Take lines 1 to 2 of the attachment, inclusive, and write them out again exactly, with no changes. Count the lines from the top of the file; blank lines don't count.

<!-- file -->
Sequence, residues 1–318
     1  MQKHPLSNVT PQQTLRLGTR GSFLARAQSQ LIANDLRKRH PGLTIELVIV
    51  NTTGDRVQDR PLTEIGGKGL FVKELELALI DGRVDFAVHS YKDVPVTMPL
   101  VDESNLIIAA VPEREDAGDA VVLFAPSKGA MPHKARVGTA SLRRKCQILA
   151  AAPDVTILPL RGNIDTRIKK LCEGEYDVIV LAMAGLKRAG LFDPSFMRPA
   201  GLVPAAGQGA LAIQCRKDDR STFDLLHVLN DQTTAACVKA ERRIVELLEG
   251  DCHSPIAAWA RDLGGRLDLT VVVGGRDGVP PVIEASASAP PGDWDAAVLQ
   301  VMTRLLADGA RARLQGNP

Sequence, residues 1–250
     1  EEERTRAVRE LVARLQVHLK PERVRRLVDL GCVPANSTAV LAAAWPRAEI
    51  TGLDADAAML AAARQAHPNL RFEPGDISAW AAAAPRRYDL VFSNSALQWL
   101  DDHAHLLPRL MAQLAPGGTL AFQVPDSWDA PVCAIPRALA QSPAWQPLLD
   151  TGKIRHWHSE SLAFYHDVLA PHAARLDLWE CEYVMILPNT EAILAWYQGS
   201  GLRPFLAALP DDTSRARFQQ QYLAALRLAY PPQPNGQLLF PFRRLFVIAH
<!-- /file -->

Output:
Sequence, residues 1–318
     1  MQKHPLSNVT PQQTLRLGTR GSFLARAQSQ LIANDLRKRH PGLTIELVIV